This week's story is about the West Phoenix School, District No. 6, 13th in a series regarding our rural schools. The schoolhouse once sat on the corner of Pendergast Road and Oswego Street. Just west stands Henderson's Farm, whose cows supplied milk to the school at two cents per head. The most visible vestige of the farm today is the Henderson Dairy nearby. As you order ice cream from the take-out window, you can stare at the spot where the school once stood.
Today, the Lamson Road bypasses the little hamlet on its way from Wright's Corners to the village of Phoenix. But, there was a time when the road ran right through West Phoenix and crossed the Oswego River on its way to the little hamlet's larger namesake on the east bank.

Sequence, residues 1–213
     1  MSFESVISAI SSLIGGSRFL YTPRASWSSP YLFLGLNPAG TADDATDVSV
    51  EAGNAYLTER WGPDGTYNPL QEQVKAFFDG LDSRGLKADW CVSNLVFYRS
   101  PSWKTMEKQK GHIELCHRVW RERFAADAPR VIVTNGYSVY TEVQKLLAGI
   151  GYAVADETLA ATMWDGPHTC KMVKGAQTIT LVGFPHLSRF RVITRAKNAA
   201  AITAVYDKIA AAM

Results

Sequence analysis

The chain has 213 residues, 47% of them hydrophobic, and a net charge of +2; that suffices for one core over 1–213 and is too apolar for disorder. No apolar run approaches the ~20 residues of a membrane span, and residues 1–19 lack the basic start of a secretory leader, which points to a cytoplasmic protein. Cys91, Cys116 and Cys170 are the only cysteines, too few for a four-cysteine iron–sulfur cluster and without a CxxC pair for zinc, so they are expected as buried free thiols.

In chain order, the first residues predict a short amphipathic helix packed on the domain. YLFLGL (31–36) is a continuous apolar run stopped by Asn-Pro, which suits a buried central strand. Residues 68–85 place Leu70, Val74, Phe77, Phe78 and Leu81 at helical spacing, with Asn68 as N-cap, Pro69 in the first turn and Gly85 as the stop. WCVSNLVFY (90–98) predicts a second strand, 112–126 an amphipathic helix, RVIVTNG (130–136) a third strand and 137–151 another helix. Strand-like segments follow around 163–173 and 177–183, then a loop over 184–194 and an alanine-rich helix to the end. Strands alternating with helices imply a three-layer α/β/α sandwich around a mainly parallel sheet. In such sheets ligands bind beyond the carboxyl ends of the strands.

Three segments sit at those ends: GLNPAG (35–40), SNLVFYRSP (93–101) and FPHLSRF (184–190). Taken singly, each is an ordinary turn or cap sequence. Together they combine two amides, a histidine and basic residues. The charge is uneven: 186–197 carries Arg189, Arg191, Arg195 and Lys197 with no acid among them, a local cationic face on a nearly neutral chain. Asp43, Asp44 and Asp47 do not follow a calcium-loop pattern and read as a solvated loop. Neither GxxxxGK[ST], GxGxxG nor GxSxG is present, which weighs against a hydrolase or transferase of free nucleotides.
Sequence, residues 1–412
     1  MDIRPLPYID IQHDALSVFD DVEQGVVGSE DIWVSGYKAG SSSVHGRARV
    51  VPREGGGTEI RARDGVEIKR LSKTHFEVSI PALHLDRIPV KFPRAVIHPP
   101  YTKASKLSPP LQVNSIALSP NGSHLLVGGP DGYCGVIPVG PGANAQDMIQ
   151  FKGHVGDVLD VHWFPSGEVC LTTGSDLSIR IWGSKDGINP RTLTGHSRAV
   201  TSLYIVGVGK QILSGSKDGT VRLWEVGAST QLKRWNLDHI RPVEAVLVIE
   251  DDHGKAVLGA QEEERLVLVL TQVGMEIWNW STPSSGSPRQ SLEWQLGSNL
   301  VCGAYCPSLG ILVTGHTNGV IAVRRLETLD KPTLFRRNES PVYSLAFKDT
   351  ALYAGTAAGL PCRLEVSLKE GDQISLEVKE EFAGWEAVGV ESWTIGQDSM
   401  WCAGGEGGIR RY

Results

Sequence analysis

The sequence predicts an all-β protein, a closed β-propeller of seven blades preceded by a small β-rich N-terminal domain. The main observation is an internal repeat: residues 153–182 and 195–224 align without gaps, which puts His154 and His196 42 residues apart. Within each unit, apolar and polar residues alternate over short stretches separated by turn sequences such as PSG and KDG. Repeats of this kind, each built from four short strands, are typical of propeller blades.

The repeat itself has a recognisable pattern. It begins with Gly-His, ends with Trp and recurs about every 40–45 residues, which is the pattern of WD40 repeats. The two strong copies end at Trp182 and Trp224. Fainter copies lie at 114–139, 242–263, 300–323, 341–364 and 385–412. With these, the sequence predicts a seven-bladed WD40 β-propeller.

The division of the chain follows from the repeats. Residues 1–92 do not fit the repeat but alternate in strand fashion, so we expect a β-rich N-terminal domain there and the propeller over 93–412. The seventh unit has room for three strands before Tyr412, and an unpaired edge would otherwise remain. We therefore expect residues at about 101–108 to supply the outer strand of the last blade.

According to Pearl Palmer's "Historical Review of the Town of Lysander," laying out the Lamson Road in 1829 from Bett's Corners to Phoenix, "required fourteen men two days to 'blaze' the trees, that is to mark with a gash on the trunk the proposed route of the road. When about one-half mile from the river at Phoenix, the men made a decided turn to the left, in order to reach the river at the narrowest point." That same year, John Wall constructed the first saw mill on the west bank of the Oswego River across from Phoenix. One year later, he built a toll bridge across the river where the dam sits today. "In 1835 Mr. Wall purchased two hundred acres of land in Lot 42 of the Lysander township from the Baldwins." By the time, "John Wall owned four saw mills . . . His residence stood on top of the hill." He contributed one more local landmark on Feb. 19, 1842, "received by deed from John and Theodotia Wall, for the sum of fifty dollars a plot of ground on Lot 42 for a school building."